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October 24, 2013


Filed under: Romare Beardon — Tags: — jherzlinger @ 8:07 am

I received a lot of emails regarding the post on Jimmy Lee Sudduth and I thought I would follow up that post with one on ROMARE BEARDON as many people had questions about him.  I have always had a penchant for folk art, as I previously wrote, I find that there is a wonderful warm and personable feeling that invites everyone to participate in a way with memories of their own.  Not necessarily memories of that of the artist, but those that have to do with one’s life on a personal level.

Many artists and art historians consider Romare Bearden one of America’s most important and inventive artists. But he’s hardly a household name.

Bearden’s primary medium was the collage, fusing painting, magazine clippings, old paper and fabric, like a jigsaw puzzle in upheaval. But unlike a puzzle, each piece of a Bearden collage

has a meaning and history all its own. Shortly before he died of cancer in 1988, Bearden said working with fragments of the past brought them into the now.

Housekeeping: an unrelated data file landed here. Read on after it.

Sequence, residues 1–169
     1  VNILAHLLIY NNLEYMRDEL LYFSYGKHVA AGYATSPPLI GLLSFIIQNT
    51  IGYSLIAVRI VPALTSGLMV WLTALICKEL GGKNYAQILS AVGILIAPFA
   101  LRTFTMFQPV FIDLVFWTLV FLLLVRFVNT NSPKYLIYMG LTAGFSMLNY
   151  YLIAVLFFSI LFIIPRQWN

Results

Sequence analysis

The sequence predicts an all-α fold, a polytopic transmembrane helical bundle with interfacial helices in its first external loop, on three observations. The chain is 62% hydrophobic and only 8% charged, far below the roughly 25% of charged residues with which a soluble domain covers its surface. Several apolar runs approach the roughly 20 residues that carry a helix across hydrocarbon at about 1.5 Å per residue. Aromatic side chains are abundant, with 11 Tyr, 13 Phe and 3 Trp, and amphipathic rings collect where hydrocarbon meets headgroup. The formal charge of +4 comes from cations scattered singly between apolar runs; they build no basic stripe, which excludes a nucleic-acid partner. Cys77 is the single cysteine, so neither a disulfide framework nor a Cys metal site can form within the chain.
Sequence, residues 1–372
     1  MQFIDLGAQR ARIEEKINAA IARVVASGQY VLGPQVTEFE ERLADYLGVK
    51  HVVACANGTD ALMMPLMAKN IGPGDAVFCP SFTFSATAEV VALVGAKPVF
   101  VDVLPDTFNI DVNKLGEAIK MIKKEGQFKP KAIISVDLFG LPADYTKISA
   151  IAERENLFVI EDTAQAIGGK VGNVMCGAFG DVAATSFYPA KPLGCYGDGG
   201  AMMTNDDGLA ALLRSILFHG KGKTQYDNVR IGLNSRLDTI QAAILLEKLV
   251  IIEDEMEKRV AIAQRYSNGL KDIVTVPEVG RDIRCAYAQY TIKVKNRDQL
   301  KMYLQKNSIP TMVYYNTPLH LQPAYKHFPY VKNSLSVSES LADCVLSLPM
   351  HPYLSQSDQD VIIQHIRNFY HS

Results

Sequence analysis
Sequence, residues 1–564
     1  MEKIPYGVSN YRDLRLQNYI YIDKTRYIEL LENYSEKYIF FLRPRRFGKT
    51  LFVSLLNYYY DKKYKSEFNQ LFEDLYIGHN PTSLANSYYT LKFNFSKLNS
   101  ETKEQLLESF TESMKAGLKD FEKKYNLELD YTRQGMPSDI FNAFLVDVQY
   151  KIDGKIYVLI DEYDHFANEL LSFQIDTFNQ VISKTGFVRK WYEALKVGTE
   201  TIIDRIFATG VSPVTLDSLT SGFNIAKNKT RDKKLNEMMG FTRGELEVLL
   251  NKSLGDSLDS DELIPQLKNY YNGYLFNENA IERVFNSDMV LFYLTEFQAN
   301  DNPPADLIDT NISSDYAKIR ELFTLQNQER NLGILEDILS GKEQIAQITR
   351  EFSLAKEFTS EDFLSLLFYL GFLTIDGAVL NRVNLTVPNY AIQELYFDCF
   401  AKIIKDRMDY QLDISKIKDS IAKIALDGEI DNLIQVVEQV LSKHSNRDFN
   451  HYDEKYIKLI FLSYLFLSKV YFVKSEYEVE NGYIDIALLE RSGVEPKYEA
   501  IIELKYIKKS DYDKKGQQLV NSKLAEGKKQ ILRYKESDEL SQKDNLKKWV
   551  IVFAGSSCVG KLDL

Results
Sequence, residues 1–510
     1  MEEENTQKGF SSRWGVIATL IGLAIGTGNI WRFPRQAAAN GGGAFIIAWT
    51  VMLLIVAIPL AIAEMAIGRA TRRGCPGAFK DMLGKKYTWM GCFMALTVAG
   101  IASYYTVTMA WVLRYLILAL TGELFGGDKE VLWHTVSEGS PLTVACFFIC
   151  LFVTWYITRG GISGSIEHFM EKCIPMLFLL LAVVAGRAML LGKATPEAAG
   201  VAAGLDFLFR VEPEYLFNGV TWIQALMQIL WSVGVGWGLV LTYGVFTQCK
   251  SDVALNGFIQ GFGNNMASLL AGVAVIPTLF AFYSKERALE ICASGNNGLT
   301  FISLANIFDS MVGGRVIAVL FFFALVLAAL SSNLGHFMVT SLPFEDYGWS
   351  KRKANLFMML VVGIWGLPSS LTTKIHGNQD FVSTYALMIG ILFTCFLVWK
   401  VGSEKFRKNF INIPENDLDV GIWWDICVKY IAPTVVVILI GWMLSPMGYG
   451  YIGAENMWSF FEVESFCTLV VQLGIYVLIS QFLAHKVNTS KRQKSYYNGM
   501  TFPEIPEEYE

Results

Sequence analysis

“When I conjure these memories, they are of the present to me,” he explained. “Because after all, the artist is a kind of enchanter in time.”

Bearden took snippets of Harlem life and shot them through with vivid images of the American South. His family moved from Mecklenburg, N.C., in 1914 when he was a toddler, and he grew up in the heart of the Harlem Renaissance.

Bearden’s mother was a dashing figure, a reporter for a leading black newspaper. Family friends included luminaries such as Langston Hughes, W.E.B. DuBois and famous musicians who helped ignite Bearden’s passion for jazz.

One of Bearden’s first patrons would Duke Ellington. Much later, he designed a record cover for Wynton Marsalis

Bearden’s collages bring to mind the pleasing graphic unity of patchwork quilts, into which slaves once sewed coded messages about the Underground Railroad. Meaning literally came out of the seams.

Bearden’s dense, multilayered art nodded toward codes and complexity. They were cut, etched and painted with magazine photos from Life, Ebony and Look, recalling rural Southern shanties papered with newspaper clippings.

Marsalis says one favorite work by Bearden shows a Harlem street.

“All of these images of Harlem life,” says Marsalis, “Louis Armstrong’s in it, in the middle there’s a guy in overalls, which you would look at it, and you think, ‘That didn’t belong,’ but at that time, it certainly did belong.”




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